The Labor Department will tomorrow release the September jobs report, which was delayed from its original Oct. 4 date because of the 16-day partial federal shutdown that ended Oct. 17. The data will probably show employers added 180,000 workers in September, the most since April, after a 169,000 gain in August, according to the median estimate of 93 economists surveyed by Bloomberg.
Money has been flowing in and out of financial markets more rapidly than ever before this year, a bullish signal as the threat of a U.S. sovereign default fades.
Since Sept. 1, about $47 billion has gone to exchange-traded funds that track everything from stocks to bonds to commodities, according to data compiled by Bloomberg. That followed $18 billion pulled in August, $40 billion added in July and $11 billion pulled in June, making it the most volatile period on record for flows. Almost $7 billion went to ETFs on Oct. 17 alone.
Analysts have raised their forecasts for profits and now forecast an average increase of 2.5 percent for all companies in the S&P 500, according to estimates compiled by Bloomberg. That compares with an expected gain of 1.7 percent at the beginning of the month.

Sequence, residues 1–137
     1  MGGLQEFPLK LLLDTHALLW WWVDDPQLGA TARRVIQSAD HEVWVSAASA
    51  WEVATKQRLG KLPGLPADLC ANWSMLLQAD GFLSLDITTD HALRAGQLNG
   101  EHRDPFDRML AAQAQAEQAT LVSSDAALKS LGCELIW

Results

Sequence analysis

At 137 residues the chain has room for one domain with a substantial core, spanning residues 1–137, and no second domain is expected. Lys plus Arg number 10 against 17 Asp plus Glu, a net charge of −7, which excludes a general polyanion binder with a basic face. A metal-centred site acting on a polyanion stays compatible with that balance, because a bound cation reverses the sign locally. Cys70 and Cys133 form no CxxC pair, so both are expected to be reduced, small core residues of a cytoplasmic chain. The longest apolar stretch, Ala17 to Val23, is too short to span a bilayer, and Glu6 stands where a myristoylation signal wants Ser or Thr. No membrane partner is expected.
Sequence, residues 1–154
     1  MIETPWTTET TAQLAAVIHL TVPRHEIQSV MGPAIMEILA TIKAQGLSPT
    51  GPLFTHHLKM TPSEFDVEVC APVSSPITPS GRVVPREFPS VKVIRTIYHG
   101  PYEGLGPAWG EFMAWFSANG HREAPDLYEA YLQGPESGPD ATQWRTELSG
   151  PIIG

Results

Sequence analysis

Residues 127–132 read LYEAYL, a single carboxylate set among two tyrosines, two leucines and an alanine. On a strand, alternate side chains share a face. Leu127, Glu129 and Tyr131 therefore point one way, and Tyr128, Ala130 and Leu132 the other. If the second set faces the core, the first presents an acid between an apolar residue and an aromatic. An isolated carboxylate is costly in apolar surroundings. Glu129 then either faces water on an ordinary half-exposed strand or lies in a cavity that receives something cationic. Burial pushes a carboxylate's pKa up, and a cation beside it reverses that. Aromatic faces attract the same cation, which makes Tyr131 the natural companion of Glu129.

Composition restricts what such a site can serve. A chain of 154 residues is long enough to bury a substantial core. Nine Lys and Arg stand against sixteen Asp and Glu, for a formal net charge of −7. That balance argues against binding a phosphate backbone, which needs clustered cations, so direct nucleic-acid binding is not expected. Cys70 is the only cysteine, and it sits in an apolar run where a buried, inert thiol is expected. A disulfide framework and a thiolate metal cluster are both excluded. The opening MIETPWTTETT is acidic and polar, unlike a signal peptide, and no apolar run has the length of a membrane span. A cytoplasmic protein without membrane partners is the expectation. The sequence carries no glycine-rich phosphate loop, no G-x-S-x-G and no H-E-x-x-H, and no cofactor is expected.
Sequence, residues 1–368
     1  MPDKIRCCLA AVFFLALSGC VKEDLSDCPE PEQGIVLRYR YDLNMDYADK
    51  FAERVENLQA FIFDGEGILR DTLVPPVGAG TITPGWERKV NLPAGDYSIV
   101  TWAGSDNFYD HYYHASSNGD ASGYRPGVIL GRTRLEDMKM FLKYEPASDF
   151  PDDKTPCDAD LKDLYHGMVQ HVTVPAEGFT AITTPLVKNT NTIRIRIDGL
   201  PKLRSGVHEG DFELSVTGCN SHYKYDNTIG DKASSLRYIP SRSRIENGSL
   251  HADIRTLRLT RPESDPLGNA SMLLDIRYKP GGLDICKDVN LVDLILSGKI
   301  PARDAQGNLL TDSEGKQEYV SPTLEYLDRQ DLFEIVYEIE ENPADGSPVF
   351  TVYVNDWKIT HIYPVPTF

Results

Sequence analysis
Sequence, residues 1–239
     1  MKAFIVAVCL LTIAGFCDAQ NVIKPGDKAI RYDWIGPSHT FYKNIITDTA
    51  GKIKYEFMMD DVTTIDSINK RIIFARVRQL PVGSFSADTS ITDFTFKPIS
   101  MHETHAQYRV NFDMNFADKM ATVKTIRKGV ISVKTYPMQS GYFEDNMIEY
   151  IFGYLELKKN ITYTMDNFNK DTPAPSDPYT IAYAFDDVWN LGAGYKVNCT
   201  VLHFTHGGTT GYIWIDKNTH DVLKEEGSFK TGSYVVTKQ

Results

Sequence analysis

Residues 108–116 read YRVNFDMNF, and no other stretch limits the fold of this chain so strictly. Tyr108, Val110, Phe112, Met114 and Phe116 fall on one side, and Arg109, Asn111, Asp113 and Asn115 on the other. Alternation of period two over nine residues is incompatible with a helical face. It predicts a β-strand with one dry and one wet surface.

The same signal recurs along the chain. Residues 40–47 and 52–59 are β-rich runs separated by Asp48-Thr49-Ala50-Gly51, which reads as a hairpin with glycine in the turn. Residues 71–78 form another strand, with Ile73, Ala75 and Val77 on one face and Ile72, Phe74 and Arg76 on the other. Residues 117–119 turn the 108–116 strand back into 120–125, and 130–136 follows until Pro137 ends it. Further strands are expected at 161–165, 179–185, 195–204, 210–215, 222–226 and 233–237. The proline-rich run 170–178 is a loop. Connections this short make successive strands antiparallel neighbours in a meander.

Earnings at the 108 companies that have reported so far grew 4.5 percent, while sales gained 2.1 percent. Some 70 percent of the companies have topped analysts’ profit estimates, while 54 percent have beaten on sales.
The Chicago Board Options Exchange Volatility Index, the gauge of S&P 500 options prices known as the VIX, climbed 0.9 percent today to 13.16, following three days of declines. The measure has fallen 21 percent this month.
Four out of 10 S&P 500 main industries gained as telephone and technology stocks rose at least 0.5 percent for the best performance. Health-care, energy and consumer-staples shares fell more than 0.3 percent.